day three: markets, monographs, & miso (GF)

Now that the fridge has been aggressively scrubbed down, I’ve turned my attention to the storage closet-pantry. It’s primarily cluttered with stacks of shoe boxes (unsurprising), but a good deal of canned and dried foods have accumulated there over the years. Thus far, I have taken stock of about 15 cans of beans that need to be eaten sometime in the next three weeks. That’ll be fun.

I also randomly stumbled upon 4 boxes of half-used pancake mixes, which to me is rather suspect because: a) I haven’t used real pancake mix in about 2 years, and b) I certainly do not remember eating all that many pancakes before then. For the moment, I’ve stacked them up on my dining table, and my apartment now looks like the beginning of an in-house IHOP.

Another work in progress.

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day two: quinoa salad with peas & asparagus (vegan & GF)

Last week I spent a few hours clearing out my closet of clothing items I will never wear again. By this, I mean it was high time for me to donate all those dresses and cardigans in size XS that have never seen the light of day in the 6 years I’ve owned them. (I am also 5’8 with man-shoulders, so I’m not quite sure what possessed me to believe I would ever fit into a size XS anything.) It was one of those terrible things that girls do, buying clothes that are too small in the belief that it will motivate them to get their ass on a treadmill.

Incidentally, I hate the gym. And running. So, the cardigans were never worn.

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day one: operation floppy hat

…or: my dream to look classically vogue while wearing a sundress in a Scottish field.

Noosh very sadly moved out of the apartment yesterday morning, so when I got home from work in the evening I opened the door to a half-empty living room and the realization that most of that crap was actually mine and dear God how am I going to get rid of all of it before I leave next month. Feeling the nausea that was rapidly transforming into borderline hysteria at the thought, I turned my attention to the refrigerator.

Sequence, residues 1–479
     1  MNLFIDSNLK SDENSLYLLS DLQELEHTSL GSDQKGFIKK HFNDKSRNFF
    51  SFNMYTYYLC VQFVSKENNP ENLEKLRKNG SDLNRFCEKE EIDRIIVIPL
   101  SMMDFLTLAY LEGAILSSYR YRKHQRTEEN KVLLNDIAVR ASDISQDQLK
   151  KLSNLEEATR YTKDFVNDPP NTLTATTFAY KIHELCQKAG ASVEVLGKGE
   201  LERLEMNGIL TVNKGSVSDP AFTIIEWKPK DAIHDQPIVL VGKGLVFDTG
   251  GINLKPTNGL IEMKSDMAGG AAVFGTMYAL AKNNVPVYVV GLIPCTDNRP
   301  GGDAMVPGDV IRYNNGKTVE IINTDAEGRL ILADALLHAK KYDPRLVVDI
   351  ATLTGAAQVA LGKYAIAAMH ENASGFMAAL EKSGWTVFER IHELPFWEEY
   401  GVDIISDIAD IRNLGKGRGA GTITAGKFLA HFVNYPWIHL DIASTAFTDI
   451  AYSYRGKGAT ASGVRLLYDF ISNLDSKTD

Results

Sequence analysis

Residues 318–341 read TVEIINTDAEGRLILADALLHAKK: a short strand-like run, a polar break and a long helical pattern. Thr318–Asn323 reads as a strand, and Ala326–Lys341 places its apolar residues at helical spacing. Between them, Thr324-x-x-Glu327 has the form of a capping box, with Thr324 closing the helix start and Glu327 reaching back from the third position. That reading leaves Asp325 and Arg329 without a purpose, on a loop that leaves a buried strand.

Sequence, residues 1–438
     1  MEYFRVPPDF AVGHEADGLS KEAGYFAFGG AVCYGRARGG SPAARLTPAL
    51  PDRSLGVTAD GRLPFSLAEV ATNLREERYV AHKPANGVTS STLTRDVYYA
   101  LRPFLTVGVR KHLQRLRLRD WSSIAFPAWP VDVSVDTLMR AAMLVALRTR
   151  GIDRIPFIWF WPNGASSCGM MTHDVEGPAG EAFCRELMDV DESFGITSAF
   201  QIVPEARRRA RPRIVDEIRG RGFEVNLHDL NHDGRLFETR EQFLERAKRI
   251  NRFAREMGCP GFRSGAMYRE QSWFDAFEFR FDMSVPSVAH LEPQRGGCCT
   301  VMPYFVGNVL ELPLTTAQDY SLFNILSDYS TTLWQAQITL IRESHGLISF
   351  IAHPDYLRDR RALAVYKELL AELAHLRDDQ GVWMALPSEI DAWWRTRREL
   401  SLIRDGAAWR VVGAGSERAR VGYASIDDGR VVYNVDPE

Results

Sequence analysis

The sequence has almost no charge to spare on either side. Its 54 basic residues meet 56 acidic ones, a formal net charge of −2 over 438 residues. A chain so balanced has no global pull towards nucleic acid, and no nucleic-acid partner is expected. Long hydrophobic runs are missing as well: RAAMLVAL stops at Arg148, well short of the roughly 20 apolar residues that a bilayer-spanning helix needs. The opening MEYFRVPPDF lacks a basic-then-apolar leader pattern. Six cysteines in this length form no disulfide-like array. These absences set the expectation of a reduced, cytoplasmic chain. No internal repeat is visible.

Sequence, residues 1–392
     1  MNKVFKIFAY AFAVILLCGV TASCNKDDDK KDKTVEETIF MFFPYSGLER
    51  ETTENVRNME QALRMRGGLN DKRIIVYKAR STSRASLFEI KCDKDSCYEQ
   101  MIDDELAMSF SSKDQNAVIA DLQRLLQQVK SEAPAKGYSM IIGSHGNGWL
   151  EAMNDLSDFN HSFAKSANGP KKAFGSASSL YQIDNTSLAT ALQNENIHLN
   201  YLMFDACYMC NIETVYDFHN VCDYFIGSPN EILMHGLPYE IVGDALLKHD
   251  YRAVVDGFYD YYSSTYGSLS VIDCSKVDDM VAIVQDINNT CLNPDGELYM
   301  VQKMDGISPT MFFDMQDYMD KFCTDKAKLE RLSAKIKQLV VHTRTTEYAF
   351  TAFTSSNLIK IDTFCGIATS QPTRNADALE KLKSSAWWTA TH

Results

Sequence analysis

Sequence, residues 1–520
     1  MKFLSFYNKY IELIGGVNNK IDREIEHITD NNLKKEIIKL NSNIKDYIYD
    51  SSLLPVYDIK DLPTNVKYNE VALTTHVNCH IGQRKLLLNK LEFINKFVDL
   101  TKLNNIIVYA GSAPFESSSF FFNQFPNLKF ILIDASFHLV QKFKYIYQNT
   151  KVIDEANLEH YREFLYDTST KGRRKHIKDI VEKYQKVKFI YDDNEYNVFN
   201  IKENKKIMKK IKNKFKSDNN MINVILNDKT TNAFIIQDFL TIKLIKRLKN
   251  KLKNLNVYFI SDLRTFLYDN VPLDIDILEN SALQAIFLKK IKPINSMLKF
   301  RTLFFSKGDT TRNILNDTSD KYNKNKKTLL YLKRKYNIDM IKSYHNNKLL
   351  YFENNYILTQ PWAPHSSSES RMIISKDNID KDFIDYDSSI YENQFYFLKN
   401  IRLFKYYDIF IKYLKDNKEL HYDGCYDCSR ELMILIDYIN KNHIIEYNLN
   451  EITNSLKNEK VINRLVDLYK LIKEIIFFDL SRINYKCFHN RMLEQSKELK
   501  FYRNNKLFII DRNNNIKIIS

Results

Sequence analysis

Aim low. Start small. I can do this.

I then spent the next hour and a half cleaning out my fridge. And when I say cleaning, I mean I took a vacuum cleaner to the floor while the shelves lay in heaps strewn about the living room. Of course, there was much produce to be thrown. Carrots hidden in drawers for so long they had decayed into some sort of orange mass (not pleasant), grenadine stains on door shelves that really should not have been left unattended for two years as they were (even more unpleasant), wasabi paste that I did not even know we owned. It was like bargain hunting in thrift store bins for treasures, if ‘treasures’ meant ‘I cannot believe you let yourself keep this crap for so damn long.’

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It was also while I was cleaning that I really thought about food for the first time in a while. And not just what am I going to make for dinner thoughts, but food.

(I’m not quite sure when or why the food blog turned into an online diary, but I’ll run with it.)

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rhubarb-strawberry jam

Rhubarb is, technically, a vegetable, but its strong, tangy flavor pairs beautifully with heapings of sugar and berries. Commonly, rhubarb stalks are chopped and used in fruit pies, but their flavor and color lend themselves just as wonderfully in a simple, tart jam.

Here, I’ve added comparatively few strawberries than you’d find in a typical rhubarb-strawberry jam, as I wanted to focus on the rhubarb, but you are welcome to alter the proportions as desired. Keep in mind the ratio of sugar and lemon juice needed if you do so.

Rhubarb-Strawberry Jam
Yields about 2.5 pints of jam

Ingredients:

  • 4 cups chopped rhubarb
  • 1 cup hulled, chopped strawberries
  • 2.5 cups sugar
  • zest and juice of 1 lemon
  • 1/3 cup water

Method:

Place the fruit, sugar, lemon zest, juice, and water in a large bowl and stir so all the fruit is well-coated. Let sit for about an hour. Have 2-3 pint-size mason jars prepared. I myself do not can for long-term preservation, but if you plan to do so, sterilize your mason jars and prep them as appropriate.

Heat a large pot over medium-high flame. Add all the contents of the bowl to the pot and bring to the boil. Cook, stirring the jam constantly, for about 15 mins until fruit has softened. Take care to remove any scum from the surface of the jam. Once cooked, reduce the heat to a gentle simmer, stirring occasionally so the jam doesn’t burn at the bottom of the pot. Cook for an additional 10-15 mins.

At this point, you can take an immersion blender to the jam to puree it (as I like to do for a smooth, almost-compote), otherwise remove the jam from the heat, allow to cool for 10-15 mins, and pour into the mason jars. Continue on to processing the jars in a water bath if you plan on preserving them.

Jams stay good refrigerated for up to 10 days, or preserved for up to 12 months.